A moderate Pennsylvania senator has offered legislation to end the impasse over continuing payroll tax cuts that have been in place since the first of this year. Democrat Bob Casey, Chairman of the Joint Economic Committee, offered a compromise to Democratic and Republican legislation, each of which has been rebuffed in Senate votes over the last few days. Among other changes, Casey's legislation resurrects a fee for Fannie Mae and Freddie Mac mortgage guarantees that was defeated in another context last month.
Payroll deductions for FICA or Social Security are slated to return to 6.2 percent of salaries and wages on January 1 unless Congress votes to extend them. FICA withholding was reduced by 2 percent for one year under the Tax Relief, Unemployment Insurance Reauthorization and Job Creation Act of 2010. The payroll tax reduction along with extending unemployment insurance for long-term unemployed was the Democratic side of a deal that gave Republicans a continuation of the Bush era income tax cuts.
The reduction in withholding affects the first $106,800 in earned income. Unearned income (capital gains, royalties, rents) as well as annual salaries and wages over $106,800 are not subject to FICA tax. Expiration of the cuts is expected to cost the average employee $1,000 and those at the top of the wage scale will pay an additional $2,236 per year.
It should be mentioned that, while the cuts are to the FICA tax, it is merely a mechanism for transmitting the funds directly to individuals. The Social Security Trust Fund is reimbursed from the General Fund.
There has been little disagreement on Capitol Hill on the value of extending the tax reductions to stimulate the economy, but much dissention over both the size of the cut and ways to pay for it. Under the original Democratic proposal the cut would be expanded from 2 percent to 3.5 percent for 2012 and, after input from Republicans, it was expanded to include a reduction in the portion of the tax paid by employers. The program would be paid for by a 3.5 percent surtax on persons earning more than $1 million per year. The Republicans countered with a proposal eliminating the surcharge, keeping the payroll tax at the current 4.1 percent level and paying for the bill by cutting extending the current two year federal wage freeze for another year, eliminating 10 percent of all federal jobs, and instituting means tests for Medicare, unemployment compensation, and food stamps.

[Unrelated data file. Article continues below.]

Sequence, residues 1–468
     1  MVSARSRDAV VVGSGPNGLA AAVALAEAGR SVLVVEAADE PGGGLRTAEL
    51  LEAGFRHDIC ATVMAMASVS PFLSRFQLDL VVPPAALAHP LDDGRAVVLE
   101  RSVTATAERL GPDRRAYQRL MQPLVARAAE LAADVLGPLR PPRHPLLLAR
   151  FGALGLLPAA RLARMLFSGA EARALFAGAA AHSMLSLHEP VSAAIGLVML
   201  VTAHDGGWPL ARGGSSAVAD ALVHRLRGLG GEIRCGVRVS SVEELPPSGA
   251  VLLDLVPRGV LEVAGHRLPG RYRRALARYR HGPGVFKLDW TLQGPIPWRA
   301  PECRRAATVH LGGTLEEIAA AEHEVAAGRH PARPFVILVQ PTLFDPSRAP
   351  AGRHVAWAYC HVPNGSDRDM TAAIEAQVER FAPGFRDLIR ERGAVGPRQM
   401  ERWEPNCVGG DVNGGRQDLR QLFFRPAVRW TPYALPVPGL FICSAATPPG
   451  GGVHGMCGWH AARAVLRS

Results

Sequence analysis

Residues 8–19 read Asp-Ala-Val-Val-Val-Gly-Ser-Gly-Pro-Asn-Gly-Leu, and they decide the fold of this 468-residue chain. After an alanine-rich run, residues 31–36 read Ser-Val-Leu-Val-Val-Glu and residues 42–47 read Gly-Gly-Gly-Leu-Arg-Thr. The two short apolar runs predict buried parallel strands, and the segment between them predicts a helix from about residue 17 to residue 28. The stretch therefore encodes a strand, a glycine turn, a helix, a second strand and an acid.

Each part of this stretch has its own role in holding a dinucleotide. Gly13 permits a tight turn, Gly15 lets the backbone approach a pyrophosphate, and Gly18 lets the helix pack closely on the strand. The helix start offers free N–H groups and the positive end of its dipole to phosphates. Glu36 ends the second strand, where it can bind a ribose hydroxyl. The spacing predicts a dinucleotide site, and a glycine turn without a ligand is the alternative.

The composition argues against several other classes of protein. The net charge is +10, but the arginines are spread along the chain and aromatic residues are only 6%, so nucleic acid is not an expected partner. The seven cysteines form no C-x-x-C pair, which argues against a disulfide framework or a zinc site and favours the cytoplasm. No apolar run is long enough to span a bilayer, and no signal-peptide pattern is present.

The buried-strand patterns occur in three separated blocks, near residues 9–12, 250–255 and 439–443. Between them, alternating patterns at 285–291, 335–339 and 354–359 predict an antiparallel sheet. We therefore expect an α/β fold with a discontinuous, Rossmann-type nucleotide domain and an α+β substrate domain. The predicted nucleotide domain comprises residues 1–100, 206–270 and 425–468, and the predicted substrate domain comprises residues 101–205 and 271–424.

Details of Casey Proposal
Casey said that his compromise "attempts to bring Republicans aboard on the tax cut extension by trimming the cost of the package by roughly one-third and using bipartisan ideas to pay for it. His legislation retains the 3.1 reduction in employee deductions for Social Security but eliminates the proposal to reduce the employer's portion of the FICA tax. This will cut the cost of the package from $265 billion to $185 billion. The larger reduction in the employee share is estimated to save the average employee an additional $500 above the 2011 cuts.
Casey's office says his proposal "adopts bipartisan deficit-reducing proposals from the Super Committee negations" to pay for the bill. These include:
- Increasing the fees that Fannie Mae and Freddie Mac charge mortgage lenders to guarantee repayment of new mortgage loans. The final amount will be determined by the Director of the Enterprises (sic) but shall not be less than an average increase of 12.5 basis points for each origination year or book year above the average fee imposed in 2011 for a guarantee. This is expected to raise $38.1 billion. (A similar fee was eliminated at the last minute from H.R. 2112 which raised loan limits on FHA and VA loans which became law on November 18.)
- Keeps the surtax on high wage earners but reduces it from 3.25 percent to 1.9 percent, applies it to income over $3 million, and makes limits it to 10 years beginning in 2013.
- Includes a proposal made by Senate Minority Leader Mitch McConnell that would make millionaires ineligible for unemployment compensation and food stamps.
- Continues to ensure the stability of Social Security through reimbursements from the General Fund.
Casey said of his proposal, "As the clock continues to tick down, it is imperative that we come together now on a middle income tax cut. The legislation is fully paid for and includes measures that have received bipartisan support in the past. It is time to act to help working families in Pennsylvania and across the country get back on their feet and jump start the economy. We can no longer afford to jeopardize working families in order to protect the wealthiest few."